Recently I posted about a gift that my husband and I bought for ourselves.  But we didn’t stop there.  On a warmer than usual December Saturday, we decided to wander down Mass Ave. in Indianapolis to do some more “Christmas shopping”.  One of the shops on our shop-local-hit-list was The Inventorialist.  We had done some window shopping on a previous evening, and I swear the inside of that store is what my dreams look like, so we had to go back.  I’m so happy we did, because the inventory a The Inventorialist exceeded my expectations.  We bought SO MANY things, but these prints from Aesthetic Apparatus are among my favorites.

the prints

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If you hang around for very long, you will learn that I am obsessed with birds.  And squirrels.  And foxes.  And basically an entire cast of wild creatures.  My dogs are also obsessed with birds, squirrels, and an entire cast of wild creatures.  Though, I’m not sure how they would handle an encounter with a fox.  Recently we stumbled onto a hawk on our morning walk, and Buddy immediately dropped to the ground while Greta quietly scooted herself behind my husband’s legs for protection.

By the way, why is the plural of fox foxes, when the plural of ox is oxen?  Maybe I will start saying foxen.

Anyway.  When we were buying the prints, Kris mentioned that they would fit perfectly in an album cover frame.  Score!  Because we were looking for a clean-line frame at a budget-friendly price.  Remember, we had done quite a bit of “gift” shopping at this point.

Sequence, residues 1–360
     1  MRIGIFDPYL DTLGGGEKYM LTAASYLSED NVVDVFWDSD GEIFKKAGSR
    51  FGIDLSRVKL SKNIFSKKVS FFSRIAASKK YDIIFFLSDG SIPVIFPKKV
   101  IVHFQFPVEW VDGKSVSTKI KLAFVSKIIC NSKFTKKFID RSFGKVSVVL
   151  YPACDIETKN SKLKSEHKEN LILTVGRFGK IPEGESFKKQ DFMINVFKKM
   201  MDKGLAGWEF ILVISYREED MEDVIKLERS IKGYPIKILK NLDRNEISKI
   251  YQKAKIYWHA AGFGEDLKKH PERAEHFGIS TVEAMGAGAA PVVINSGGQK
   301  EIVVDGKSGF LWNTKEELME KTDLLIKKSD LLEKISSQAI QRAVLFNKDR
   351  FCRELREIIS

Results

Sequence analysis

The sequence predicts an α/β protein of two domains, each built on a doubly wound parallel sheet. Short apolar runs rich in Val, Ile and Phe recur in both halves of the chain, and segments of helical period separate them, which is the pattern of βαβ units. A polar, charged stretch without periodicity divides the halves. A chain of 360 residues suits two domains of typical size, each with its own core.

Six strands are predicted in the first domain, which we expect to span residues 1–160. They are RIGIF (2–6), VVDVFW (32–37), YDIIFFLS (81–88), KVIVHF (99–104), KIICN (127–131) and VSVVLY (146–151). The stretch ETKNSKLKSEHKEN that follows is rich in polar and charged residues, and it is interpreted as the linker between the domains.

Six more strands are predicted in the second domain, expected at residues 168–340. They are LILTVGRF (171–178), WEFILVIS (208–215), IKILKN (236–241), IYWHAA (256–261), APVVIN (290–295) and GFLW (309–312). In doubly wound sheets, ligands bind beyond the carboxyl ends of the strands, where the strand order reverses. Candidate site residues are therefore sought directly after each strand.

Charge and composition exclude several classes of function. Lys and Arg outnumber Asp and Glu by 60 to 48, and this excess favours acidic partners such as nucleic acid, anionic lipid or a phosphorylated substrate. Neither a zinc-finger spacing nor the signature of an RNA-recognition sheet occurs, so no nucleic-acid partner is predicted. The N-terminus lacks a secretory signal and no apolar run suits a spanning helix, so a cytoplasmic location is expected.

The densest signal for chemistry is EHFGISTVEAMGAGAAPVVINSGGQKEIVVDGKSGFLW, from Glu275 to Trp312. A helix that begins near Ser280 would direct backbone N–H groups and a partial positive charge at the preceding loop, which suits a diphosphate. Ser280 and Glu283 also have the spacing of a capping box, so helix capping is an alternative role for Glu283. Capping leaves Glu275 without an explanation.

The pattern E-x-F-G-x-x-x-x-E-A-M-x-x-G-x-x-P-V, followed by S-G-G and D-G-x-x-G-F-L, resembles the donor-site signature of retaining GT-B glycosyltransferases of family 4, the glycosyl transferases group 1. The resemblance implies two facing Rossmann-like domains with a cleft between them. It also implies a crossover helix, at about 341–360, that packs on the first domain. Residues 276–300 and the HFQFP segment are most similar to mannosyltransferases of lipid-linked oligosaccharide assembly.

Coupons in hand, I recently headed to the craft store to buy album cover frames.  As i was pouting about browsing the single option available at that store, my eyes wandered to these t-shirt frames.  Though the look and quality were about the same as the album frames, they were deeper.  Wouldn’t this give the prints more presence on the wall, I thought?  And when we are ready to replace the frames with something a little more quality, I may have more options for re-using the t-shirt frames than three lonely album cover frames.  (Yes, I am already dreaming up new crafty ideas.)

perfectly sized frames

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I placed the prints in the frames, and began a series of measurements.

  • I measured the width of the frames (13″).  I know the measurement is listed on the paper insert of the frame, but I wanted to know the width from one outside edge to the other.
  • I measured the center of the frames to double-check that I had replaced the hanging hardware in the correct position.
  • I measured the height of the frames (13″).  Yes, I know these are square.  So this measurement should be the same as the width, but I wanted to make sure.
  • I played around with the spacing between the three frames until I it looked just about right, and then I measured the distance between the frames (1 1/2″).  Then I measured the total height of the three frames as they would hang in a vertical arrangement on the wall (42″).